The Brahms Double Concerto (8 December 1970) with Gendron and the French National Orchestra seems confining to the likes of Gitlis’ temperament, which pushes the stylistic envelope even while trying to blend in with Gendron’s resonant periods. Somehow, perhaps via Tabachnik’s careful ministrations, the whole congeals into a Brahms performance of lyrical beauty, if not raw power. The gypsy effect proves apt for the last movement, in spite of an occasional missed note. The B Minor Paganini Concerto with Skrowaczewski (13 June 1972) from Stuttgart provides a tailor-made vehicle for Gitlis, who has consistently reaped accolades that call him that demon violinist’s reincarnation. Here, Gitlis sheds the cloak of heaviness and reveals a light, even gossamer sense of inflection that delights in digital challenges and the long fluent line. Skrowaczewski’s animated contribution deserves mention as well, a buoyant romp that sings, soars, and sails as required. Obviously, we all await the La Campanella movement so that we can awe at the wickedly seamless realization of the dance, a vivid, portamento-laden whirlwind that would make Liszt–had he lived to hear it–rewrite his own keyboard response!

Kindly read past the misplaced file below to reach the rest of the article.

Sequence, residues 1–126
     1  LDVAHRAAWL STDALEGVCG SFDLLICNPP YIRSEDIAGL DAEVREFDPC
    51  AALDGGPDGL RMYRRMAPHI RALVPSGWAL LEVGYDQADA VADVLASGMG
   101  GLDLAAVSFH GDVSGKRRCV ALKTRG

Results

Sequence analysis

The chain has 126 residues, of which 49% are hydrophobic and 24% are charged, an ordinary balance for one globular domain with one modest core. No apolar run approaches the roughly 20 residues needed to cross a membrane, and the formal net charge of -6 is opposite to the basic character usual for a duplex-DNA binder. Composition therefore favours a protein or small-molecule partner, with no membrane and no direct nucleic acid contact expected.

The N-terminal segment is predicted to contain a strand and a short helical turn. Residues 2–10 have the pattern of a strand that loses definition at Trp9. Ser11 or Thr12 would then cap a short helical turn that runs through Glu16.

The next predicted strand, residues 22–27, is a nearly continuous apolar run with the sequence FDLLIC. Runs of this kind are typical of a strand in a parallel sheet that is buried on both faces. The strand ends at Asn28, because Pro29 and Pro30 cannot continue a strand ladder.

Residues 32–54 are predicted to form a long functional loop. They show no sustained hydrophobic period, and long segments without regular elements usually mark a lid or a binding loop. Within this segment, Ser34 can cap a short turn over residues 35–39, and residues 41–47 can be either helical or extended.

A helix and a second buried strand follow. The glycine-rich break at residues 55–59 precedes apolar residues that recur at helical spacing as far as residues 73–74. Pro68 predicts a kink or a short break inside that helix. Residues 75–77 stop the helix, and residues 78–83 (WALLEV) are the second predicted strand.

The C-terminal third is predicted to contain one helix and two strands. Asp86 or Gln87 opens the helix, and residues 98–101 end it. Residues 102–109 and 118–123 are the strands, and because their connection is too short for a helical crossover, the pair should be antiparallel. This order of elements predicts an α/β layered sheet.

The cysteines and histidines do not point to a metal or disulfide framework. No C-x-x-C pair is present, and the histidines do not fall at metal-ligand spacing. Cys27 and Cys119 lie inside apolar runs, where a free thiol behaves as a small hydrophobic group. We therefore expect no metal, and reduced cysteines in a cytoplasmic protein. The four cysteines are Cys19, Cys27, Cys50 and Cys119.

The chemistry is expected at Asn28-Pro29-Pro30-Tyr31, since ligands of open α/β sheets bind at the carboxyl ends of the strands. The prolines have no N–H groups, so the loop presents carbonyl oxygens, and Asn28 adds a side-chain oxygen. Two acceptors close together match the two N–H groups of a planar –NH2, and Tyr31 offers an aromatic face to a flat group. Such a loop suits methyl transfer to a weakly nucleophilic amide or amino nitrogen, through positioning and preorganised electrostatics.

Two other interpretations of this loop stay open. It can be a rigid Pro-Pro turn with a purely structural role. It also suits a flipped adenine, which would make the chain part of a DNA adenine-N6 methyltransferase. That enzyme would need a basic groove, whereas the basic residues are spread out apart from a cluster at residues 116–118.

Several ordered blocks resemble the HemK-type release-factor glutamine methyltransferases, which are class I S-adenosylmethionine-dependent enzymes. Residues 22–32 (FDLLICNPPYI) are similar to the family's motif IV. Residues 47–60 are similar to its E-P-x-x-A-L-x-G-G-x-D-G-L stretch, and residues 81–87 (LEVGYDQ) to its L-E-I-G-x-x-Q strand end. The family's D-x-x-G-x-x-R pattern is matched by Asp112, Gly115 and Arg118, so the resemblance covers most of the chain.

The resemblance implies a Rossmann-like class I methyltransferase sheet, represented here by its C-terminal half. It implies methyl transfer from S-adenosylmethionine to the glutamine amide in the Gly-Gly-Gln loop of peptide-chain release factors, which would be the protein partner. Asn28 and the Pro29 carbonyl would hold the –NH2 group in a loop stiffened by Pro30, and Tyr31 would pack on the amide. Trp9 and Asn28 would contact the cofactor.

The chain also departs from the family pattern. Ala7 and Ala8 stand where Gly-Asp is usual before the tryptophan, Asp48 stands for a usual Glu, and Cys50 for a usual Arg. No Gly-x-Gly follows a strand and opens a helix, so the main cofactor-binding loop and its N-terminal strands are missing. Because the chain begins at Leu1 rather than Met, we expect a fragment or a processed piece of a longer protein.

The Hindemith Violin Concerto–commissioned by Willem Mengelberg in 1939–finds a perfect exponent in Gitlis, who performs (19 May 1966) with the reliable Sixten Ehrling and the Bamberg Symphony Orchestra. Angular and declamatory, the piece projects a brazen beauty in which Fuchs and Oistrakh may have found more lyricism, but Gitlis, too, weaves a delicate fabric between the more stentorian periods. The tonal center of the work gravitates enharmonically between C-sharp and D-flat, the emotional tenor alternating between brassy punctuations and deft humor. One could argue that the mercurial Langsam movement has its dreamy moments. The lively, occasionally tempestuous, last movement includes a demanding solo cadenza for Gitlis, rife with multiple stops, registration shifts, bariolage effects and extended trills.